The challenges we face in our experience (Table 5) can be addressed by service providers working to expand their geographic and temporal (including real-time) coverage. This includes developing products that account for our entire local travel area and seasons of interest, at sufficient resolution to use in our decision-making (Table 6). This also relates to user-friendly considerations of ensuring that marine use areas are covered in one source and on one page. Broadly, we suggest that services could be more complete if

  • effective coverage of land/marine use areas is provided;

  • year-round coverage reflects seasonal activities;

  • real-time or frequently updated forecasts are provided;

  • coverage of instrumental monitoring is increased to support local/regional forecasts; and

  • effort is dedicated to developing innovative networked approaches to incorporating community-based monitoring and local observations into forecasting.

c. Locally applicable

Most important, for environmental forecasting products to be relevant and valuable to us, they need to be locally applicable. Some aspects of this we already covered in earlier sections about having user-friendly and complete products. Including the relevant land/marine use area is critical, and so is sufficient resolution to identify important places and conditions (Table 6). In addition, the terminology and units of measurement need to be clear and understandable (challenge 4) (Table 6). To be locally applicable, we also need to be able to identify and assess relevant environmental indicators in a way that helps us understand the relationship between information provided and our local travel conditions and safety concerns (challenge 5) (Table 6). Not all hunters can apply weather, marine and ice product information to decide if it is safe to travel, so we encourage service providers to learn more about what is locally relevant across diverse northern regions and needs.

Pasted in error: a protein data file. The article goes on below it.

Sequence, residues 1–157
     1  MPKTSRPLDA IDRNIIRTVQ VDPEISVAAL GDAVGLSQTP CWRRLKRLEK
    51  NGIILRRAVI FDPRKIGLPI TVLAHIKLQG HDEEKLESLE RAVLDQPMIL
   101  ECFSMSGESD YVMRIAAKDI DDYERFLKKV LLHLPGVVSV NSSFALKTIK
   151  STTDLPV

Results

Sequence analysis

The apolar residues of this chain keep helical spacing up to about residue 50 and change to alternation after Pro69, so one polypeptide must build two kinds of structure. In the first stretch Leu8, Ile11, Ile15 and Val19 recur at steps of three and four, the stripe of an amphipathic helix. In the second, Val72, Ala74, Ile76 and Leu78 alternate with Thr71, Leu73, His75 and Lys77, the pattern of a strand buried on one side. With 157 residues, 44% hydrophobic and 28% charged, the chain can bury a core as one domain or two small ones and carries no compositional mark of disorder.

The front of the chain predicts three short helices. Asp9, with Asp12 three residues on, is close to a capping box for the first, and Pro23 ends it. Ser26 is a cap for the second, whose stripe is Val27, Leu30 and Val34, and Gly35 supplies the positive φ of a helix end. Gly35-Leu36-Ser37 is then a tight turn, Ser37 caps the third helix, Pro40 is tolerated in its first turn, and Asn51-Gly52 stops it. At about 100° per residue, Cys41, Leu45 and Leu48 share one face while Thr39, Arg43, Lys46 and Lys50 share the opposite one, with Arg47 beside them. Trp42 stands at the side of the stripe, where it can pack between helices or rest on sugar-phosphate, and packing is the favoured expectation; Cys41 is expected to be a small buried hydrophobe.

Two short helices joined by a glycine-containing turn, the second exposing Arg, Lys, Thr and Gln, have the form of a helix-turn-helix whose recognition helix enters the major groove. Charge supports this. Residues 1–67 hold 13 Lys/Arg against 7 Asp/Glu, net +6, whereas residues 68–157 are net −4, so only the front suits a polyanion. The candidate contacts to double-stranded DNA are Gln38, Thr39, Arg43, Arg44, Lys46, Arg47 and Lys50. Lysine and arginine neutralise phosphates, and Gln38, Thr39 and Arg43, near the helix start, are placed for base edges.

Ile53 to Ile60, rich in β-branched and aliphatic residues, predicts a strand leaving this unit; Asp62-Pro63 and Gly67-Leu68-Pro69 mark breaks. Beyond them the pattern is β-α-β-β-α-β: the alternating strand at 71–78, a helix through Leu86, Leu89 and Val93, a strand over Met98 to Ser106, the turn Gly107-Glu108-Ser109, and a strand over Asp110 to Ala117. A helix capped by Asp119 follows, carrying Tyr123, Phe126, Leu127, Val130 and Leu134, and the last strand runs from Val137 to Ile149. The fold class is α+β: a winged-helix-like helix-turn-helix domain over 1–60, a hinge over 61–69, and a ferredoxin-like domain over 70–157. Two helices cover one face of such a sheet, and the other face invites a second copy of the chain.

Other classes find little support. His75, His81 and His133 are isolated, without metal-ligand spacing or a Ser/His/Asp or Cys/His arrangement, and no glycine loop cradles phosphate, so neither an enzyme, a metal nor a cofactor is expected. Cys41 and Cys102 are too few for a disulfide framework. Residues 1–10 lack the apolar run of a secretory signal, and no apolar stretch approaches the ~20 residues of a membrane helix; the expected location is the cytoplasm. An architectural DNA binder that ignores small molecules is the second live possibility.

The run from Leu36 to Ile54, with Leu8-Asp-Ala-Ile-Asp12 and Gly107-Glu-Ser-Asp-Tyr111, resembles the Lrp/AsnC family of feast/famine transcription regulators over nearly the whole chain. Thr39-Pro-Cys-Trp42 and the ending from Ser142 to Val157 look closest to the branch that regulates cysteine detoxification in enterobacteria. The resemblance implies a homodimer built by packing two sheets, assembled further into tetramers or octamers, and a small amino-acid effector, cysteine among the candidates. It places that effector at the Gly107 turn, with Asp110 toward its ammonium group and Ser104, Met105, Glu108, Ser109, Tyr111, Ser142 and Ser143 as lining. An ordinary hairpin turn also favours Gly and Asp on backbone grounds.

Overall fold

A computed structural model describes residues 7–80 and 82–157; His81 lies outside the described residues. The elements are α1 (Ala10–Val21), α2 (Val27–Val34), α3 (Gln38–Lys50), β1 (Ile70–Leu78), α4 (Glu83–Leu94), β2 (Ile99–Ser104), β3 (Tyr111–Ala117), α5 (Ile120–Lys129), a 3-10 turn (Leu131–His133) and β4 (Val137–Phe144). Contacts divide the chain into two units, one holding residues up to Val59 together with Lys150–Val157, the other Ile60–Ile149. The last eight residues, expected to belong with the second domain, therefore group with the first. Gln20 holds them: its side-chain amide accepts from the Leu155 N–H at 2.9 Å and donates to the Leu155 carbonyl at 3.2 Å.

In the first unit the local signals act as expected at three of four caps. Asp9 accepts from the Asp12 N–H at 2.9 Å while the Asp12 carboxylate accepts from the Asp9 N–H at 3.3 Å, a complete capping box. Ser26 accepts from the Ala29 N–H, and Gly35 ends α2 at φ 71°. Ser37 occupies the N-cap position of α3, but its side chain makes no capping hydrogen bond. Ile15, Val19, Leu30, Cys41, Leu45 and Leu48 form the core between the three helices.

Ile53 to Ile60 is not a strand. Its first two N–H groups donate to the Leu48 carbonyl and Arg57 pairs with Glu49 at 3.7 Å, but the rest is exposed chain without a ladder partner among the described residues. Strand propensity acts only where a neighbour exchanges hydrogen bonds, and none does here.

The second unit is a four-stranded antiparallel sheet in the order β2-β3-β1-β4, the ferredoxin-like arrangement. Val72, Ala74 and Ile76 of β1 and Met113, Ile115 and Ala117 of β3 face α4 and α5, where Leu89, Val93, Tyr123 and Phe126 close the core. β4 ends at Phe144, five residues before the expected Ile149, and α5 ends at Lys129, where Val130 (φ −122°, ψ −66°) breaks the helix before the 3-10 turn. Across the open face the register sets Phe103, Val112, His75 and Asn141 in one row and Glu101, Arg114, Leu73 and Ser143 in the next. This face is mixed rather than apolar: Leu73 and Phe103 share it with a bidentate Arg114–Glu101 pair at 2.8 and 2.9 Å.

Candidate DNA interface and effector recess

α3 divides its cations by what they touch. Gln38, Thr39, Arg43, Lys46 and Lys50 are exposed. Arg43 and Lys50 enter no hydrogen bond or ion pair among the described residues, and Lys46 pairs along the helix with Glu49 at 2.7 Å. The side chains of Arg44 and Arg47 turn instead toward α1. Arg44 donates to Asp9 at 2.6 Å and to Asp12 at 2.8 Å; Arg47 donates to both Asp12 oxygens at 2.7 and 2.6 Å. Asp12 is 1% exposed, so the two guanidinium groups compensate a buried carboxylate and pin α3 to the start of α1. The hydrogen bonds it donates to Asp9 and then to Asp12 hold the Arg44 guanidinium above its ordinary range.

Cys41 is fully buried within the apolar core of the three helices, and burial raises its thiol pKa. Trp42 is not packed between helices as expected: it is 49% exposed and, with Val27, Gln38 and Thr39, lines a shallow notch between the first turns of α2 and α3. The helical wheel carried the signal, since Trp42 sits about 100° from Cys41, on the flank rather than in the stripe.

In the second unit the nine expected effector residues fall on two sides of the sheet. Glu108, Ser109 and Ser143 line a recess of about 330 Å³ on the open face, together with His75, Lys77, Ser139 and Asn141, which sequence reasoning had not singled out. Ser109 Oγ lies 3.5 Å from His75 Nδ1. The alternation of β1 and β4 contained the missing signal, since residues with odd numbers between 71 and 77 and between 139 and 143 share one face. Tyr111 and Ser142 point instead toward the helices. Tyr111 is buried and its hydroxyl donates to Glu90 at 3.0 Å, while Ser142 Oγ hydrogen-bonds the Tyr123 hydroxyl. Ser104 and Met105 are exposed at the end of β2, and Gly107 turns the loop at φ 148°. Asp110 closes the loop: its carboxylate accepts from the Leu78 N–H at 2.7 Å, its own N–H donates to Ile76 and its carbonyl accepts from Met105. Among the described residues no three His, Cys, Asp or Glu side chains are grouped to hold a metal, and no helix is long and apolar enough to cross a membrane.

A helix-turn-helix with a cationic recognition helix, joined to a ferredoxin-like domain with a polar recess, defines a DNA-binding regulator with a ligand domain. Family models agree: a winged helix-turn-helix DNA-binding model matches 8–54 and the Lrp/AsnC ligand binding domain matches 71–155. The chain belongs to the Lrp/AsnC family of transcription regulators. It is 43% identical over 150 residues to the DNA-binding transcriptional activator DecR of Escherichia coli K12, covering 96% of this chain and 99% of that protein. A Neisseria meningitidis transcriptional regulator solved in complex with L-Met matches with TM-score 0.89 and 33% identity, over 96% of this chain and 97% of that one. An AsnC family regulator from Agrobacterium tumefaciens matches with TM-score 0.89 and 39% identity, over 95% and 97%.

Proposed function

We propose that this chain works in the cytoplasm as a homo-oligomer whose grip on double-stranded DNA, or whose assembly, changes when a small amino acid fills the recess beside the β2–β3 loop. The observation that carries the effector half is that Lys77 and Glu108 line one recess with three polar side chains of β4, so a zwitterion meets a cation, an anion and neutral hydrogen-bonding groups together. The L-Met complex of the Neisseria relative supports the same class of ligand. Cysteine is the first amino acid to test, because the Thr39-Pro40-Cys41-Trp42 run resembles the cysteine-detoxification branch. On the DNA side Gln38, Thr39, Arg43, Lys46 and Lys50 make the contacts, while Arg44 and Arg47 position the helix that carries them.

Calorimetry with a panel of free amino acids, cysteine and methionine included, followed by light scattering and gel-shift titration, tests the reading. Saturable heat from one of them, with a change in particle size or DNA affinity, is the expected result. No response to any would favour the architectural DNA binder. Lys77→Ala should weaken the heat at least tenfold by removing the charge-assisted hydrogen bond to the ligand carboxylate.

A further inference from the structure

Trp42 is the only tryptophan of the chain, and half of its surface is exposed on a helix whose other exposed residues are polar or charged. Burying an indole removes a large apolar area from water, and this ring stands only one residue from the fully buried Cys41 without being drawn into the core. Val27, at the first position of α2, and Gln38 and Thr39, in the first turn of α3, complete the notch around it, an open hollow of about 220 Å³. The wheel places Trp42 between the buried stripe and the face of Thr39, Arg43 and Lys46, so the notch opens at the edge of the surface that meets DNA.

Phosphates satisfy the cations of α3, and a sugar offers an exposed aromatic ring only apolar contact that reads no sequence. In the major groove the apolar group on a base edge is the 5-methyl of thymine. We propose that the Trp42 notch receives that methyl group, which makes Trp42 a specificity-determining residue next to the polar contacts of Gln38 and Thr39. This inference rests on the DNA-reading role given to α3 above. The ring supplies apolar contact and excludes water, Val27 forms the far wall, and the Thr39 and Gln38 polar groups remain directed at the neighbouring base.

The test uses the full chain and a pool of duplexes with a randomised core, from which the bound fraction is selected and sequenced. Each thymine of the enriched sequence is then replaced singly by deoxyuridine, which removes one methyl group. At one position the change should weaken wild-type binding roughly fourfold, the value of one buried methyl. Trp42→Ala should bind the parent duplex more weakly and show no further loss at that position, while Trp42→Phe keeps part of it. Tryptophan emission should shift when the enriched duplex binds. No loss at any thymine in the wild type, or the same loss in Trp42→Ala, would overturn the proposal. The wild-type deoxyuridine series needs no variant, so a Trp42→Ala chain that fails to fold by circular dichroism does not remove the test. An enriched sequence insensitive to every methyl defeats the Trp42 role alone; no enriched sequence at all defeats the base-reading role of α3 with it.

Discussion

Although the environmental indicators we look for are individually important (Table 2), it is not only about identifying relevant conditions but using them all together to make an informed decision for circumstances at hand (Table 3). This will vary based on decision thresholds, perception of risk, capacities, and constraints within the context of individual knowledge and experience (WMO 2017; Kettle et al. 2020; Stewart et al. 2020). Just to the south of us, on the east coast of Baffin Island, the community of Clyde River is leading the way in identifying human-relevant environmental variables (HREVs) to inform weather forecasting in an Inuit context (Fox et al. 2020). Their work shows that HREVs such as visibility, blowing snow, and wave height tend to be more important than any individually measured meteorological variable such as air temperature and wind speed. Our experiences are closely reflected in Fox et al.’s (2020, p. 273) effective explanation:

Inuit regularly view the natural system by combining relatively simple pieces of information into more complex variables (i.e., HREVs) that relate directly to hunting, fishing, travel, and safety in all outdoor and livelihood activities. These HREVs, in turn, are used in conjunction with a host of social variables (e.g., who is travelling, what they are travelling for, what else is occurring in their lives) to inform decisions that enable safe, productive, and life-affirming travel on land, open sea, and ice.